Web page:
Hamlet By William Shakespeare Act III: Scene 2

Scene II. A hall in the Castle.

[Enter Hamlet and cartain Players.]

Speak the speech, I pray you, as I pronounced it to you,
trippingly on the tongue: but if you mouth it, as many of your
players do, I had as lief the town crier spoke my lines. Nor do
not saw the air too much with your hand, thus, but use all
gently: for in the very torrent, tempest, and, as I may say,
whirlwind of passion, you must acquire and beget a
temperance that may give it smoothness. O, it offends me to the
soul, to hear a robustious periwig-pated fellow tear a passion to
tatters, to very rags, to split the cars of the groundlings, who,
for the most part, are capable of nothing but inexplicable dumb
shows and noise: I would have such a fellow whipped for o'erdoing
Termagant; it out-herods Herod: pray you avoid it.

I warrant your honour.

Be not too tame neither; but let your own discretion be your
tutor: suit the action to the word, the word to the action; with
this special observance, that you o'erstep not the modesty of
nature: for anything so overdone is from the purpose of playing,
whose end, both at the first and now, was and is, to hold, as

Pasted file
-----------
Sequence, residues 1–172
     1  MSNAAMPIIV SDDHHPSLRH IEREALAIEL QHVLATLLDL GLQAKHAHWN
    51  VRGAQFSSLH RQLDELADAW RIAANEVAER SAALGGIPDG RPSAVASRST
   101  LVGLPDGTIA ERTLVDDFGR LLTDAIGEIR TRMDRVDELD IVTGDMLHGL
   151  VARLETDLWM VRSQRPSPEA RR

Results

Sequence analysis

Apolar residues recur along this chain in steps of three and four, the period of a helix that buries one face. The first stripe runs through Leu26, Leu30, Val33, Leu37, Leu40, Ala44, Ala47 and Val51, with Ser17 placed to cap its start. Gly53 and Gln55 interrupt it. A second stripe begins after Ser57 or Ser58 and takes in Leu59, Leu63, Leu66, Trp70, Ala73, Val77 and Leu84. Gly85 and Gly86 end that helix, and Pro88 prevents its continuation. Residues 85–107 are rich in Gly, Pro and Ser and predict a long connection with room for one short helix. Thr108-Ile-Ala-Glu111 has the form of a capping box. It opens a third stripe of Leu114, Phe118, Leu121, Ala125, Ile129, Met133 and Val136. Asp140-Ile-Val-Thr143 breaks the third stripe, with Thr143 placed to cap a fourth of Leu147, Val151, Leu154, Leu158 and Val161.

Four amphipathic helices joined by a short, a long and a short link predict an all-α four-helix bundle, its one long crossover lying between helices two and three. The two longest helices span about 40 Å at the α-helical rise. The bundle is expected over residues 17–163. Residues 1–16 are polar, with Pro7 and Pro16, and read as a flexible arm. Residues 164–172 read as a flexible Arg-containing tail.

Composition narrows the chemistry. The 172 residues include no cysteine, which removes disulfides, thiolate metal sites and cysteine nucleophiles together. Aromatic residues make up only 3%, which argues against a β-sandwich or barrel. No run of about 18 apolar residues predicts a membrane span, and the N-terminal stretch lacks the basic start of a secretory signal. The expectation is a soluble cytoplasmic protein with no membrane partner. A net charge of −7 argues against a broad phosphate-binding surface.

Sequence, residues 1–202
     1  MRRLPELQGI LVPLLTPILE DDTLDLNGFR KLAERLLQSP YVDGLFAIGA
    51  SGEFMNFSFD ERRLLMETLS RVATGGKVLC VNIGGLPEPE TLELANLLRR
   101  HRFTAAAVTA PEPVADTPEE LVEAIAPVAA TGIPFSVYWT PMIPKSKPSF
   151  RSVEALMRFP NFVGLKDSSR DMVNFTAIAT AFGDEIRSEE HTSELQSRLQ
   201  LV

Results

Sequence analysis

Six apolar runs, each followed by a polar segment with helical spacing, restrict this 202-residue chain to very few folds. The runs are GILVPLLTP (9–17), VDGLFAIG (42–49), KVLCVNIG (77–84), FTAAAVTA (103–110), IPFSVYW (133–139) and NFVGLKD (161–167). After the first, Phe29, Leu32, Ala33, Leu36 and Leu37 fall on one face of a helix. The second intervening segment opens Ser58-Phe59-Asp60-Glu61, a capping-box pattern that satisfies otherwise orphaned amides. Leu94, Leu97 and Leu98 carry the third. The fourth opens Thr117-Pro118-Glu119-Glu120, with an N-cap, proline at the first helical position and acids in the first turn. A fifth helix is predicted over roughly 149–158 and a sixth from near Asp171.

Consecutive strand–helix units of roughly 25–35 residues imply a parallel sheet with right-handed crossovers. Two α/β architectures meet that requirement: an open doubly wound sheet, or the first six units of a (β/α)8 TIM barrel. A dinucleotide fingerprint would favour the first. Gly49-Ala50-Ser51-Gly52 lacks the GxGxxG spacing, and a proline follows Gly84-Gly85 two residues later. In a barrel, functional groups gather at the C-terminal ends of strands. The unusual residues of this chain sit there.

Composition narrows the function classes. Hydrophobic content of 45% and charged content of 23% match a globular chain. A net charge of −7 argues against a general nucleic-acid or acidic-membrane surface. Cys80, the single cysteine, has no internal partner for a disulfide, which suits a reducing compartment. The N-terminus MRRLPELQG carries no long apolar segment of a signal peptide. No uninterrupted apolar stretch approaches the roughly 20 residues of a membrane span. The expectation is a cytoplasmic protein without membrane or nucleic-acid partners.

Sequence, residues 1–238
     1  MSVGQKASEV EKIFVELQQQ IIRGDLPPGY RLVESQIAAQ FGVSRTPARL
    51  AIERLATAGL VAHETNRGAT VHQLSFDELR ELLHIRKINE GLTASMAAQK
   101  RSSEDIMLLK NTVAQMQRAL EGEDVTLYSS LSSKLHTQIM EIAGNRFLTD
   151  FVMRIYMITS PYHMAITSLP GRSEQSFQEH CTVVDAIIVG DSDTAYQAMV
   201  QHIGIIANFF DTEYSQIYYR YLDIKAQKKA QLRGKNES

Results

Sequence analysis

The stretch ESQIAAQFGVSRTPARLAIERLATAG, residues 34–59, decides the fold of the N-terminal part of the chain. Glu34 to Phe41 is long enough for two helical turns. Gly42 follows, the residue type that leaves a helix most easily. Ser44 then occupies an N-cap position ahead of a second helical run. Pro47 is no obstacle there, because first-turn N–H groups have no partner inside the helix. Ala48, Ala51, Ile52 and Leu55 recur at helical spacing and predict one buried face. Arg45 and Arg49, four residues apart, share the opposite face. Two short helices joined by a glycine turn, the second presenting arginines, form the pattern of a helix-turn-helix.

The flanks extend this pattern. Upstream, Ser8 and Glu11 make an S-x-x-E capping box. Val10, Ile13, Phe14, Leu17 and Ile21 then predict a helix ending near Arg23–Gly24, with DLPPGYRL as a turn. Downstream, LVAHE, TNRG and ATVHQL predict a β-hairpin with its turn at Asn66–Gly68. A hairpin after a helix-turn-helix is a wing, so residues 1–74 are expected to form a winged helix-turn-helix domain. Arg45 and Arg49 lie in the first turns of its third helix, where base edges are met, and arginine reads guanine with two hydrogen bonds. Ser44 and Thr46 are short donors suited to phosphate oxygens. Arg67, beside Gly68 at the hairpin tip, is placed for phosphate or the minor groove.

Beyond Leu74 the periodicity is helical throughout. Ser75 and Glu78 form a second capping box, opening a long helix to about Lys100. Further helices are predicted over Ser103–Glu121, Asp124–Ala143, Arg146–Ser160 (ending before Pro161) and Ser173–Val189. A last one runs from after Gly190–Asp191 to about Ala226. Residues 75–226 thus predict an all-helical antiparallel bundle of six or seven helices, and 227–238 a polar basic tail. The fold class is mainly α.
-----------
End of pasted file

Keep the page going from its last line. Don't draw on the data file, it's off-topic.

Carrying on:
'twere, the mirror up to nature; to show virtue her own image,
scorn her own image, and the very age and body of the time his
form and pressure. Now, this overdone, or come tardy off, though
it make the unskilful laugh, cannot but make the judicious
grieve; the censure of the which one must in your allowance,
o'erweigh a whole theatre of others. O, there be players that I
have seen play, — and heard others praise, and that highly, — not
to speak it profanely, that, neither having the accent of
Christians, nor the gait of Christian, pagan, nor man, have so
strutted and bellowed that I have thought some of nature's
journeymen had made men, and not made them well, they imitated
humanity so abominably.

I hope we have reform'd that indifferently with us, sir.

O, reform it altogether. And let those that play your clowns
speak no more than is set down for them: for there be of them
that will themselves laugh, to set on some quantity of barren
spectators to laugh too, though in the meantime some necessary
question of the play be then to be considered: that's villanous
and shows a most pitiful ambition in the fool that uses it. Go
make you ready.

[Exeunt Players.]

[Enter Polonius, Rosencrantz, and Guildenstern.]

How now, my lord! will the king hear this piece of work?

And the queen too, and that presently.

Bid the players make haste.

[Exit Polonius.]

Will you two help to hasten them?

We will, my lord.

[Exeunt Ros. and Guil.]

What, ho, Horatio!

[Enter Horatio.]

Here, sweet lord, at your service.

Horatio, thou art e'en as just a man
As e'er my conversation cop'd withal.

O, my dear lord, —

Continued on next page...

Back to Top

Take the Quiz

Approximately how much time has passed between the death of King Hamlet and the remarriage of Gertrude to Claudius?